If the government borrows a dollar from you, that is a dollar that you do not spend, or that you do not lend to a company to spend on new investment. Every dollar of increased government spending must correspond to one less dollar of private spending. Jobs created by stimulus spending are offset by jobs lost from the decline in private spending. We can build roads instead of factories, but fiscal stimulus can’t help us to build more of both.

In contrast the Keynesian theory says that with demand depressed by recession, money retained by the private sector will not be spent as quickly as during prosperity. Because sales are down, workers will be laid off. Revenues will decline, as will taxes collected. Without Federal help, most states will fire workers. Estimates are that over 700,000 public employees, about half of them teachers, have been laid off since 2008. This further reduces purchases, lengthening the recovery period. So under recession conditions fiscal stimulus will not take money from the private sector, since demand is so low they rationally are not expanding. The best way to “reboot” the economy is through government stimulus. Under recession conditions such expenditures grow the GDP while not shoving out private investment, which will remain low until the economy improves.

Which approach gives a better description of “reality” could in principle be settled by focused studies. The point of an economic theory is to make predictions, forecasts, of what will happen under various economic conditions and thus help describe public policies that will shorten a recession, reduce unemployment, boost economic activity and grow tax revenues.

In general a number of serious studies giving results that support the Keynesian position have changed few minds! The difficulty is a very human one: scholars (and politicians) become believers in what they have learned, tend to talk only with folks who already believe as they do, and thus have difficulty in changing their views. We now have five years of new studies describing the impact of government actions on the recovery from the 2007 major recession; we still have economic theory gridlock with few convinced by new studies to change their views.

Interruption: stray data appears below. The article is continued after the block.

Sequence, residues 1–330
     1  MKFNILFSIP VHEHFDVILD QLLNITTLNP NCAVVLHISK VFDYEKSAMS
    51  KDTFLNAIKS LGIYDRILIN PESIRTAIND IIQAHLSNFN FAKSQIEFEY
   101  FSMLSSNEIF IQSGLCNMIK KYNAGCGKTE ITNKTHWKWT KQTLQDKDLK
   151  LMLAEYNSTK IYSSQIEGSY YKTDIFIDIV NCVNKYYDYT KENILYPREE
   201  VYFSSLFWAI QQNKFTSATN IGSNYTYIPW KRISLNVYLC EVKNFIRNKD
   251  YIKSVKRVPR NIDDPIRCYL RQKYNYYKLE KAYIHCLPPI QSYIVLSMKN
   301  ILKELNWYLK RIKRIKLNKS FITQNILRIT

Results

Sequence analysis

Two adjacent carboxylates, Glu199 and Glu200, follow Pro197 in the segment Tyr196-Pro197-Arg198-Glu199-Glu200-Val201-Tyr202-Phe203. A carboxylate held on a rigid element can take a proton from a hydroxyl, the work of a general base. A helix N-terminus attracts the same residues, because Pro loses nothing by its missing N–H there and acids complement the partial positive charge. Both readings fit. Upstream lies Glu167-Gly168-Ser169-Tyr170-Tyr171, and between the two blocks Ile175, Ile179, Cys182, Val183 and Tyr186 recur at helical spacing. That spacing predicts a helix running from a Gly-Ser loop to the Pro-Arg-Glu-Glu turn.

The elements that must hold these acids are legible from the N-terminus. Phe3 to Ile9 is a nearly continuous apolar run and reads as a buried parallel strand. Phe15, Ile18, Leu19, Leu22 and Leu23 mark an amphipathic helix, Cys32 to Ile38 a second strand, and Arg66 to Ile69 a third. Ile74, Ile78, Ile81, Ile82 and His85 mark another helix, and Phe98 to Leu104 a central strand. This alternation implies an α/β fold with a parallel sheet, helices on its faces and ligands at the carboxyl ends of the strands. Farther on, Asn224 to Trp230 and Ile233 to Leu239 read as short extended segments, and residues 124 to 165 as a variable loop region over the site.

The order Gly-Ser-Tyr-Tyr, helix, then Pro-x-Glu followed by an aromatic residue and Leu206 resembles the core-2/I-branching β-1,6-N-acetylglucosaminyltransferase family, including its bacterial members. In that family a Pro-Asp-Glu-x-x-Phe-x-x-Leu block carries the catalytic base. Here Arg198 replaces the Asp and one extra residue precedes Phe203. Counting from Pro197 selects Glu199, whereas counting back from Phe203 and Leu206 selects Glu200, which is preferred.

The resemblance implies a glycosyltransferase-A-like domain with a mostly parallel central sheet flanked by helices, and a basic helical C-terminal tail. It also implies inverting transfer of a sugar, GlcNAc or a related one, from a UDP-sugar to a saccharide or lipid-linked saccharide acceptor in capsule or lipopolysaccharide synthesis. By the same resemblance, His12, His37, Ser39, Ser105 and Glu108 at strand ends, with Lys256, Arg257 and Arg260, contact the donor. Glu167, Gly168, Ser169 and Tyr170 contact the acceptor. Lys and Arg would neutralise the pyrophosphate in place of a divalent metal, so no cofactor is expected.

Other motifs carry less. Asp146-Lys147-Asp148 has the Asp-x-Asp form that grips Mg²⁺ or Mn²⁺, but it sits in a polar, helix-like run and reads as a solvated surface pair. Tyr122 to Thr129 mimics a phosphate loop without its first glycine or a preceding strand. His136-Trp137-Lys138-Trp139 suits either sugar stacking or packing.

An exception might be Narayana Kocherlakota, President of the Minneapolis Federal Reserve Bank (FED), considered one of the world’s foremost macroeconomists. As a professor he signed an open letter in September 2008 expressing “great concern” about the government’s efforts to save financial firms from collapse, and another in January 2009 opposing the Obama administration’s fiscal stimulus plan. Fellow economists helped get him appointed to the Fed because he opposed stimulus.

After he joined the Fed, his speeches focused on the expected exponential growth in inflation, given stimulus activities and a large Federal deficit. Contrary to his prediction, inflation slowed. Professor Kocherlakota then began to question why his theory gave bad forecasts. He became more open to counter-arguments. He recently announced that he is now convinced his earlier theories were wrong; instead low demand keeps unemployment high and inflation low. Thus he flipped from a supply-side classical economist to more of a Keynesian one, suggesting we have many tools to accelerate economic recovery that we must now use.

The economic debate thus continues. Getting the “right” policies that improve the economy will get more people back to work faster. If Keynesian principles speed recovery, we have the power to end the current Congressional gridlock and put more people back to work.